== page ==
clock menu more-arrow no yes

Filed under:

Bullwinkle's A 'Romantic Refuge" On The Mountain; More

Bullwinkles [Photo: Official Site]

On Saturdays, after Sugarloaf mountain is closed to skiers, the rustic Bullwinkles ski lodge is transformed "into a quiet, softly lit and romantic refuge." Nancy Heiser reviews the experience of being transported by snow cat to dine "three quarters of the way up Maine's second highest peak," in the February issue of DownEast.

After coats are taken and flutes of champagne offered, nighttime guests settle into the spacious dining area, dwarfed by the two-story cathedral ceiling and massive supporting timbers. The head of a bull moose keeps a glass eye on things from above the bar. "We try to give customers a dining experience they can't get anywhere else in this part of Maine," says chef Aaron Upham.

Inside the iconic, "wobbly red farmhouse" that is Montsweag Roadhouse in Woolwich, there's the usual pub fare but also "delicious and ample main dishes for well under $20 in a casual and unpretentious atmosphere." In her 3 1/2-star review for The Portland Press Herald, Nancy Heiser says that she made the trip up Route 1 based on a friend's "hyperbolic assessment" of the fish tacos, which were "very good," as were other choices unexpected at the "down-home, come-as-you-are, laid-back and friendly place where you could put your feet on the furniture, if it had low furniture."

Service was efficient, ultra-friendly and consistent with the atmosphere; this is not high tea at Downton Abbey. One particularly nice feature? Entrees were delivered all at once by two servers. This small but significant gesture was the case at all the tables we spied. No guest sat waiting for other dishes to arrive.
At Vignola Cinque Terre in Portland's Old Port, John Golden of The Golden Dish blog finds that "the old Cinque Terre space is begging to look as snappy as its front-room sibling (Vignola)." But decor aside, the two sister restaurants combined last year into one is "the only reputable eatery in Greater Portland offering creative haute locavore Italian fare."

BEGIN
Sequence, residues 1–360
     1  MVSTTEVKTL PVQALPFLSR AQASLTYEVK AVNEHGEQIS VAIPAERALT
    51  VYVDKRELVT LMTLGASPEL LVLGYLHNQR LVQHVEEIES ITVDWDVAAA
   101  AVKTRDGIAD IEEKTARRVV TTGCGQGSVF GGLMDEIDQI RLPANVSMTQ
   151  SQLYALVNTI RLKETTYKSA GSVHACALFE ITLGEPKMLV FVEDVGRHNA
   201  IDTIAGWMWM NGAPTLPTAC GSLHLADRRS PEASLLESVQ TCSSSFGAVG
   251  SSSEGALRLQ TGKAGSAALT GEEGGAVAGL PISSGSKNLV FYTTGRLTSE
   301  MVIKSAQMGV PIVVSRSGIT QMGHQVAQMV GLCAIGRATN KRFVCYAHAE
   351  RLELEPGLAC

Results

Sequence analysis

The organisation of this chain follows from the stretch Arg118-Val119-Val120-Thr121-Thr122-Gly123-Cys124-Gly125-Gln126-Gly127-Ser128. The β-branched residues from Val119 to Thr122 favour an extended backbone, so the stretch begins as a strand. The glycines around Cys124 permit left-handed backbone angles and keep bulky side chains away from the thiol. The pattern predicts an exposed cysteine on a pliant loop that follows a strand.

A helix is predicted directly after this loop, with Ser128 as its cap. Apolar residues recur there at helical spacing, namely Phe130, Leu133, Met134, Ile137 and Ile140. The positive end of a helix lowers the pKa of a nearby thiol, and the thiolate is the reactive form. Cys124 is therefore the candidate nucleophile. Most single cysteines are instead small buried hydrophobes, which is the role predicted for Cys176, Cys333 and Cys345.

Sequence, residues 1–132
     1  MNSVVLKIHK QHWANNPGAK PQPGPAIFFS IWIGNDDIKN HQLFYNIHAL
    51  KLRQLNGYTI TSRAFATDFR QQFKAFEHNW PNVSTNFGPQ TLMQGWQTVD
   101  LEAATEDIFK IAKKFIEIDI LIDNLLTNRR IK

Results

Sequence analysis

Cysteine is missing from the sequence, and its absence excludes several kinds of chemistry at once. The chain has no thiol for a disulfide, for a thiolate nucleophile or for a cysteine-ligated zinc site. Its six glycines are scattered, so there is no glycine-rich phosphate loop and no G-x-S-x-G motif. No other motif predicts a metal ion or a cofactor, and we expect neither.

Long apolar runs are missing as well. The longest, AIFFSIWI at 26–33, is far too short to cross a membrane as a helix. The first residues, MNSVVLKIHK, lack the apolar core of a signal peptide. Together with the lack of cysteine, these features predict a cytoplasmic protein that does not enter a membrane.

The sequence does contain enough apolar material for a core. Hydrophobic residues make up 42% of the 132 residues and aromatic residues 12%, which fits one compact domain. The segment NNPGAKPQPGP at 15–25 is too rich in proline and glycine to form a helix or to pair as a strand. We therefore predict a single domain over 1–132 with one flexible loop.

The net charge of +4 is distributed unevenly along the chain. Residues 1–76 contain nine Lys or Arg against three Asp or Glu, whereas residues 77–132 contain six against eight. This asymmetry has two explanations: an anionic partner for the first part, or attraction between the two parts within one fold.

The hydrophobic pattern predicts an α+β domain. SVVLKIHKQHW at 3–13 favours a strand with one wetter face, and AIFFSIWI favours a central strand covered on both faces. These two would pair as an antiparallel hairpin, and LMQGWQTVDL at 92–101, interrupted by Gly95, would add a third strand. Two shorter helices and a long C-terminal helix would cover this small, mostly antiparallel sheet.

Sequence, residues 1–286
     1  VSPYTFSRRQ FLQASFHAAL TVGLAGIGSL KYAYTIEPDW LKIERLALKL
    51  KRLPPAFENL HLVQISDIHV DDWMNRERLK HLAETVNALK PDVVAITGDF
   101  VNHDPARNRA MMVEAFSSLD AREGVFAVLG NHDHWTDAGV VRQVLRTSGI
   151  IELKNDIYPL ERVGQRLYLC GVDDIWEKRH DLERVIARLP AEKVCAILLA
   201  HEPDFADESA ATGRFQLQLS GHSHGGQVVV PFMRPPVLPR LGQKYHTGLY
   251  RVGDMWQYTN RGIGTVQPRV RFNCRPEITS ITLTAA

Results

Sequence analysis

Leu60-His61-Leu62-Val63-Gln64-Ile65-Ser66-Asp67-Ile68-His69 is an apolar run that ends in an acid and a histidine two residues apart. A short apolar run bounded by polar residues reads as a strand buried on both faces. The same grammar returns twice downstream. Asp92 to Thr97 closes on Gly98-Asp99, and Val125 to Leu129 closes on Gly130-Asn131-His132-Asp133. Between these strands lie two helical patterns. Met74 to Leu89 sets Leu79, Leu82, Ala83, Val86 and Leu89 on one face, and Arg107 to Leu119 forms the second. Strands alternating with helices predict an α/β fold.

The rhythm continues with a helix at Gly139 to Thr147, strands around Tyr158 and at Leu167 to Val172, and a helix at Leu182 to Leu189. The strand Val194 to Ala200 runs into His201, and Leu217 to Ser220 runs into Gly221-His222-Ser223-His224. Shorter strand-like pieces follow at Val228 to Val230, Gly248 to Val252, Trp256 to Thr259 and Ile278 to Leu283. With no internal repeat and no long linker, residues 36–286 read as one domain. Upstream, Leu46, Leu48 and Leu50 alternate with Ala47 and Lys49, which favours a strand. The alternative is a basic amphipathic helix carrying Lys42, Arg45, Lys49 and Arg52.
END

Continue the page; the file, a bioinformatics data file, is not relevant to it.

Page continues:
Altogether, this is Portland's shining example of sophisticated interior-décor--a big-city look with New York-style urbanity. Most importantly is the food still first rate? You bet. It makes places like the popular Ribollita old-hat or a trip to Kennebunk's Grissini's unnecessary.
In her review on Maine Magazine's Eat Maine blog, Amy Anderson finds everything she's looking for at The Front Room on Munjoy Hill in Portland: comforting food and friendly service. Everything she eats makes her happy, especially the "spectacular" duck breast - "Jeremiah (the friendly server) isn't kidding when he calls the chef the 'duck whisperer.'
Throughout the meal I notice people are having a really good time. There's music playing, and the sounds from a bustling kitchen are layered with laughter and chatter. These are some of my favorite noises—food cooking and people laughing.

· Bullwinkles: Mountaintop Dining At Sugarloaf [DE]
· Food Surprises At Comfortable, Fun Montsweag Roadhouse [PPH]
· Vignola Cinque Terre Is Still A Shining Star [TGD]
· The Front Room, Portland [Eat Maine]